It's more clear than ever that the top brass at City Hall has its eyes set on employee pensions as a way to slow the cycle of persistent budget deficits.
City Manager John Shirey told the City Council on Tuesday that roughly half of the city's budget deficit over the next two years could be eliminated if all city workers paid their employee share of their CalPERS retirement contributions.
While top city management, the mayor and the City Council pay their employee shares, no rank and file workers pick up the entire tab of their retirement contributions. Instead, the city handles those payments - an arrangement that cost the city $16.8 million in 2010, according to a recent Bee analysis.
Shirey said the city's $24.5 million deficit over the next two years could be addressed by simply laying off 240 workers - including 89 cops, 51 firefighters and 22 park workers - but "I don't think that's a very good approach and I'm not recommending it."
Instead, Shirey wants to look at pensions, health benefits and reorganizing the city bureaucracy.
By focusing on pensions, Shirey is setting the tone for negotiations that city officials will try to have with the labor unions in the coming months.
Top management officials - including department heads like the police and fire chiefs - recently agreed to pay their entire employee share toward CalPERS. The city's clerk, treasurer and attorney also are making those payments, and Shirey agreed to pay his entire share when he was hired over the summer.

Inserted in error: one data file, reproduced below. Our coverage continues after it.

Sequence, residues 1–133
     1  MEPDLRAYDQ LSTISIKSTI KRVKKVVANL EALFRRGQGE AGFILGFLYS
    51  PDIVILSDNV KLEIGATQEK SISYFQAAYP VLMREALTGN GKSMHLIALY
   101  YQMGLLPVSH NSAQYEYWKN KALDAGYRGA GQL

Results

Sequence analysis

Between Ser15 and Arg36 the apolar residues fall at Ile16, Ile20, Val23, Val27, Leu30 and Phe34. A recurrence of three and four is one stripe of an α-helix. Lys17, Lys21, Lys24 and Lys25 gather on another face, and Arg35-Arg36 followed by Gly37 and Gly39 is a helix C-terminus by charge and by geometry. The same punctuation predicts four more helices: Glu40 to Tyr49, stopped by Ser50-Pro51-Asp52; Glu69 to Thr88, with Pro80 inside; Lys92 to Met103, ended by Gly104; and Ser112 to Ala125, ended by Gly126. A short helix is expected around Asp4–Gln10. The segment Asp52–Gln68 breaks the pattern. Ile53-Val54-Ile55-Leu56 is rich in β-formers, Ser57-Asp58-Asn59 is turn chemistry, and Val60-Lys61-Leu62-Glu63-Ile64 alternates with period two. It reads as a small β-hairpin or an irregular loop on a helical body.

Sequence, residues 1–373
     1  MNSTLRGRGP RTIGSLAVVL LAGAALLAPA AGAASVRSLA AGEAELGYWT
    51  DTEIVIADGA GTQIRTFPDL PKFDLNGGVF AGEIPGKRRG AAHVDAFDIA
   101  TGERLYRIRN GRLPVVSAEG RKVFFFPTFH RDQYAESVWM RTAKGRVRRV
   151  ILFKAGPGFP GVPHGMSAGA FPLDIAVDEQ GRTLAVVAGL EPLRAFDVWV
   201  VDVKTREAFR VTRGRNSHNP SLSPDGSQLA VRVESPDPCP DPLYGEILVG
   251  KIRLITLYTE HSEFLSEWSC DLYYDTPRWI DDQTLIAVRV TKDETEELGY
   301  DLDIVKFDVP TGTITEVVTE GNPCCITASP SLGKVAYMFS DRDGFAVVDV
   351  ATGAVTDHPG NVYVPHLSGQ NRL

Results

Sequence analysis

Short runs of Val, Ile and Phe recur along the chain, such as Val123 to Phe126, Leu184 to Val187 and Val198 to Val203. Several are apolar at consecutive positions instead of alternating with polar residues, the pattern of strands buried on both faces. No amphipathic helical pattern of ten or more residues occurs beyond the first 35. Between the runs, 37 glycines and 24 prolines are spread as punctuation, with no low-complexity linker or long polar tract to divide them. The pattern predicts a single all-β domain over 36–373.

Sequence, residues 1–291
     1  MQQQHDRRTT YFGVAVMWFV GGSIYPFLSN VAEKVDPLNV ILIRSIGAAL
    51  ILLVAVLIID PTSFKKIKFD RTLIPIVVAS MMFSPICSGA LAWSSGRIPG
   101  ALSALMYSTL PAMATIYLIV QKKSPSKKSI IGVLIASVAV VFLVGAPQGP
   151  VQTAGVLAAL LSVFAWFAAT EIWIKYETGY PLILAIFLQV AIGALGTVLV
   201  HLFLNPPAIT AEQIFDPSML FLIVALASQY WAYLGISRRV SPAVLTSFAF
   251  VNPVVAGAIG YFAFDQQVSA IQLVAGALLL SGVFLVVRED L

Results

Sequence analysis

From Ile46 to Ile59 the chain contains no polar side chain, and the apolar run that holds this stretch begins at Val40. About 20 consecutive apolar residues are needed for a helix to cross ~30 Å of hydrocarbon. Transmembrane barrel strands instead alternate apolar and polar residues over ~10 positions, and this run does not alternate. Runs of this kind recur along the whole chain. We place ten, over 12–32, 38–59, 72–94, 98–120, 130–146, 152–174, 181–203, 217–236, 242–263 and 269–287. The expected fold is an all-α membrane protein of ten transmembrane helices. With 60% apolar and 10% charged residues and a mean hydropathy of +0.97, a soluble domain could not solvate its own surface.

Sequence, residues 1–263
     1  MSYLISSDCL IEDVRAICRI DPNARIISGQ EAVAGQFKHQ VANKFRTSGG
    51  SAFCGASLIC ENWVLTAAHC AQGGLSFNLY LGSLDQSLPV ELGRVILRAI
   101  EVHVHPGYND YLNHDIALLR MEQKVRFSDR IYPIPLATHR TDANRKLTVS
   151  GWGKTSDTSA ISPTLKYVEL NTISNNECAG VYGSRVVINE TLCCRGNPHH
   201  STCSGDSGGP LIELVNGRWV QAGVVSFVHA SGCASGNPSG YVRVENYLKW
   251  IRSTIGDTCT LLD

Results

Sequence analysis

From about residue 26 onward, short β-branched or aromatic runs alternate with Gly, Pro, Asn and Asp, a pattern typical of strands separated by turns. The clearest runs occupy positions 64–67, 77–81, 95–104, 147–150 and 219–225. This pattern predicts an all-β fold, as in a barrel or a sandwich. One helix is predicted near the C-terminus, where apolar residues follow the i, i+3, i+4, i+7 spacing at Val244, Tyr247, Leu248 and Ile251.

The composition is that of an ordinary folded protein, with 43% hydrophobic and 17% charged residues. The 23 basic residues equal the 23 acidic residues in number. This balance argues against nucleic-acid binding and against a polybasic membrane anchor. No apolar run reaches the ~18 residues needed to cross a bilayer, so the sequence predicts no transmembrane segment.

The city Compensation Commission recently ordered the mayor and City Council to pick up their full retirement tab.
The money at issue is the share of retirement costs that are assigned to employees. The city also pays for part of retirement costs.
Most rank-and-file workers at City Hall contribute 4 percent of their salaries toward their retirements, with the city picking up the remaining 3 percent employee share, in addition to its regular pension contributions. Police officers do not pay any of their employee share, and firefighters will begin contributing 6 percent in January 2013.
The city is paying $51 million out of its general fund budget toward pensions this year. Five years ago, that number was $43 million.